By Allen Brown
Happiness and self-worth are two very important - some would even say the most important - feelings one can have. They, and similar emotions and thoughts, reflect how we face the world and ourselves. If there ever was a question that is so crucial to so many people in this world, it would be - “How do you feel about yourself?”
This kind of introspective is often difficult to tackle, as many people will instinctively tell you 'they are fine'. However, when asked more thoroughly, they frequently admit that there are many things about themselves that they are unhappy with. This age-old problem has at various times made us mad, confused, and sad. But it has also offered us a chance to better ourselves and find ways to achieve inner peace and self-contentment, something we will cover in the sections below.
Few things can make us as uneasy as bad health. Aching teeth, sprained ankles, stomach problems, or something even worse, can all make us fondly remember a time when we were still in good health, and took it for granted. But when we stop to think of it, is one's health, or the condition of our bodies, the most important factor for happiness? It may not be, but it sure can go a long way toward feeling better about ourselves.
Making sure you are healthy can be easier than you may think, and the payoff is great. Having a proper diet and exercising regularly are enough for you to start feeling better about yourself, but to feel considerably more positive you might consider dedicating a year to giving your all and getting into top shape. It will not only boost your own self-value, but can have a positive affect on how others perceive you as well.
There isn’t a single science that covers this topic, but many scholarly fields have their say about health and well-being. Studying the importance of self concept and self esteem can give us insight into how we perceive ourselves and how we can change negative thoughts. Self-concept is what you think about yourself, while self-esteem is how you regard and respect yourself.
Psychologists suggest that there are two factors that affect the development of one’s self-concept: existential self and categorical self. These two aspects follow us through our life and development and must be in harmony if we want to have a realistic and healthy image of ourselves. Doing some research on these concepts will increase your knowledge and open ways to address key areas for your own self-identity.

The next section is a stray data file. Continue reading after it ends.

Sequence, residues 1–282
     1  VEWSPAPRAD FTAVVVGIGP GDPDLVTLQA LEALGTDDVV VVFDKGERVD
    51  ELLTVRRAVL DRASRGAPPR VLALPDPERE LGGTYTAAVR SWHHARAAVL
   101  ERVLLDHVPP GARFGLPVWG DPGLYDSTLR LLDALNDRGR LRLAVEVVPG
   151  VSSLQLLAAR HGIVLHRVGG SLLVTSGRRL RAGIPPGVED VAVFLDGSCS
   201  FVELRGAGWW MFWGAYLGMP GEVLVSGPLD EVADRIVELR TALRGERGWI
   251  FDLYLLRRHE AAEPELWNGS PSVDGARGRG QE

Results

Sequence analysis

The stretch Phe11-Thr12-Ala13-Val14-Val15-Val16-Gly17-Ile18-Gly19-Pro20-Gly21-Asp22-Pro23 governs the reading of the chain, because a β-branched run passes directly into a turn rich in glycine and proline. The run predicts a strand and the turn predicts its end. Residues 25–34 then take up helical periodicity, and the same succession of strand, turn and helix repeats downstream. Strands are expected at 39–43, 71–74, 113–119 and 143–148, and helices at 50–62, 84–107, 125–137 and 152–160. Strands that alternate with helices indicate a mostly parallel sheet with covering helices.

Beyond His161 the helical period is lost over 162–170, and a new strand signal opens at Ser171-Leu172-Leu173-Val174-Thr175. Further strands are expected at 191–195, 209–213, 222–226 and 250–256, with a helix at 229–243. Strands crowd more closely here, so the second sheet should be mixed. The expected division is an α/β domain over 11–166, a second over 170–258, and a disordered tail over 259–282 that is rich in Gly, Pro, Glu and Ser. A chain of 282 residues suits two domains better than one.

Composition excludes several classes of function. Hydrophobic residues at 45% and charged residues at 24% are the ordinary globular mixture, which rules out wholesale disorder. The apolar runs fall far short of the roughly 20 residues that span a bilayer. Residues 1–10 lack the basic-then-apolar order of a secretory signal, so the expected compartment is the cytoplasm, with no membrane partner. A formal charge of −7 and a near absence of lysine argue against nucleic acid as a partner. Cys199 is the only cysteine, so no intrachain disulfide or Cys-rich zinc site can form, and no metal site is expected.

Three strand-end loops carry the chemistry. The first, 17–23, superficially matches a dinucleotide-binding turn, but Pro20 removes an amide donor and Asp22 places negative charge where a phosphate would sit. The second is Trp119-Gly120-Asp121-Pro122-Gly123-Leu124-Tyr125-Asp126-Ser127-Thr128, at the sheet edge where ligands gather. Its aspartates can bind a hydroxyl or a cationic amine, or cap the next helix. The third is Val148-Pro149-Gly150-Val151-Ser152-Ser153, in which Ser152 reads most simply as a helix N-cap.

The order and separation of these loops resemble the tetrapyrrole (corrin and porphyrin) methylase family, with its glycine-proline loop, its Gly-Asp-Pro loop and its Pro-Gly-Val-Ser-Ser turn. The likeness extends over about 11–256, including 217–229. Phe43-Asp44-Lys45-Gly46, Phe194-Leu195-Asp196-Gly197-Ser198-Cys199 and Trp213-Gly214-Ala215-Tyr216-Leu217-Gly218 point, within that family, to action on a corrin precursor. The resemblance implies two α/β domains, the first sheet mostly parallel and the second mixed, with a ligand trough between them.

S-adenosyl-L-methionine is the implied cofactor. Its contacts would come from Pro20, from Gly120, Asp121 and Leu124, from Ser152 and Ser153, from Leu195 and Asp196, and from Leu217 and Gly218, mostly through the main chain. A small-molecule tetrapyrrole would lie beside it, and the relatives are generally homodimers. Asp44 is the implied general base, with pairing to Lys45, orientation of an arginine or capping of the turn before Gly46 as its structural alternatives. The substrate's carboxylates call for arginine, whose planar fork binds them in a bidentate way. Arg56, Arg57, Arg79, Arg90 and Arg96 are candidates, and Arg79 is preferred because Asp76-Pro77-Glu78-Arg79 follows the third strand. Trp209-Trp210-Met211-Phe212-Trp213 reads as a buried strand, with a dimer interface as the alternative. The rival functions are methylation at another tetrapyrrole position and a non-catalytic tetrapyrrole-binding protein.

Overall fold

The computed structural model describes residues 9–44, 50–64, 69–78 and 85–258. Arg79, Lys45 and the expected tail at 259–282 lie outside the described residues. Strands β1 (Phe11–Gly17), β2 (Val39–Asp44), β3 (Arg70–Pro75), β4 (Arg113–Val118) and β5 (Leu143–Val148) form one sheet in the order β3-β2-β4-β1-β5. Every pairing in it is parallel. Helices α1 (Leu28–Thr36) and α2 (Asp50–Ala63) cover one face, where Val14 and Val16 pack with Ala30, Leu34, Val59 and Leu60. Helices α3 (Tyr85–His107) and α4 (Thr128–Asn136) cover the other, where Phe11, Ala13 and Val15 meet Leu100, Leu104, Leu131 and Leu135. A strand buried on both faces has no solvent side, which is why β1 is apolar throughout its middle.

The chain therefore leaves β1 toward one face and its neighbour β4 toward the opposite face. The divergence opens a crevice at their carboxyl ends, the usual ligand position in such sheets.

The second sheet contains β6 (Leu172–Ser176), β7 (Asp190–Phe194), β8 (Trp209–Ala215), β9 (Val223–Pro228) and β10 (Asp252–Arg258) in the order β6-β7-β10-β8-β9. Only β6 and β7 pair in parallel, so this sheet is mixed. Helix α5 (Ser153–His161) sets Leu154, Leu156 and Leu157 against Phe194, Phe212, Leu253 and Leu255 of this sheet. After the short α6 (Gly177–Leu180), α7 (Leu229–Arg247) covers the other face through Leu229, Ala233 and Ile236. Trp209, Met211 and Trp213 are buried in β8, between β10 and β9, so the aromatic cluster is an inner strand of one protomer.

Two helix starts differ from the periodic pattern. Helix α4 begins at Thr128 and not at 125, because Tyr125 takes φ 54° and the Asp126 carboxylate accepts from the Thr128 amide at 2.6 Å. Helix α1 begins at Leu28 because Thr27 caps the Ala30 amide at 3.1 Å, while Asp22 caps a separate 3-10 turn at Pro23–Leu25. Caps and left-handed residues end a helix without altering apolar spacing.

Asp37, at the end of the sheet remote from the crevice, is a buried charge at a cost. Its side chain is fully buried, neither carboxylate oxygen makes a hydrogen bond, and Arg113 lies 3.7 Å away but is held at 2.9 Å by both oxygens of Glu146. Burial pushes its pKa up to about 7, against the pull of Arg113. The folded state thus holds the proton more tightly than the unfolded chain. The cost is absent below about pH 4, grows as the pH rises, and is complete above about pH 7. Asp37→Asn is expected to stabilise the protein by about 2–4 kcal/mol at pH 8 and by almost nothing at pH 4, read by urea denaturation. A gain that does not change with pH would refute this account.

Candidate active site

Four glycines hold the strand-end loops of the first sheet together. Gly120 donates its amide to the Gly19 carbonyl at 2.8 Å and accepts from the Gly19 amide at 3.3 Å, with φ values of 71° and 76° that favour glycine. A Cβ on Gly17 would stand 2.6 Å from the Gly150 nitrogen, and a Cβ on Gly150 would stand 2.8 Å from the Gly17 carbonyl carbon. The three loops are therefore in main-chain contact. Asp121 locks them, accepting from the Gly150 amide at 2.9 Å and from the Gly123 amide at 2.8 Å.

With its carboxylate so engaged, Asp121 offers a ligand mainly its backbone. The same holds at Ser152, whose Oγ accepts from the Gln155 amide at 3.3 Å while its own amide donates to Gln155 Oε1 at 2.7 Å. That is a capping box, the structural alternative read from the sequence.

Recognizing your flaws and mistakes, and accepting them, is a very important step everyone needs to make when growing up. Imagining that you are, or must be perfect, even in this obviously imperfect world of ours, can only lead to delusion and, later to self-doubt and resentment.
It's important for everyone to take stock of where they are in this and realize that not only are we not perfect, but neither is anyone else. Putting yourself on a pedestal of perfection can cause us to come in conflict with those who see us as we really are, while idolizing others can also cause problems with our own self-esteem if we begin thinking we are not as good as them. As you start realizing and viewing the world, and others, as far more complex rather than either "perfect" or "awful", you will inevitably feel better about yourself and your unique place in it as well.
A close group of friends can do wonders for one’s well-being. As we are social animals it is only natural for us to form "packs" and "clans" and have close companions we can trust. It has been proven time and again that no matter if you are an introvert or extrovert, everyone likes having friends; we just differ in how we enjoy our time with them.
Pay attention to your social circles and make sure that you have dear and honest people by your side that only wish the best for you. Joyfulness and self-content are bound to follow.
Losing contact with our natural surroundings is troubling, but an expected outcome from building a modern society. Yet, perhaps it is because of our being apart of this same modern society that we do indeed crave forests and pastures, looking forward to going out of our concrete jungles and into green landscapes. It soothes us, brightens us, and makes us feel better for a short while.
Some outdoor activities are fantastic for our mental health, as they improve our confidence and self-esteem, reduce feelings of stress and anger, help us be more active, and so much more. Going for walks in nearby nature during the weekends is recommended to everyone who has the ability and free time to do it. Such activities strengthen our leg muscles and loosen our spirits, all that's needed, physically and emotionally, for a better overall mood.
It is of utmost importance that we learn to feel good about ourselves. Making your life more pleasant starts first by taking stock of yourself - are you happy, self-content, and healthy in mind, body and spirit? Whatever the answer, know that you can, and will improve over time as you set your mind to it, and you will grow to become that better, happier and fulfilled person you want to be.
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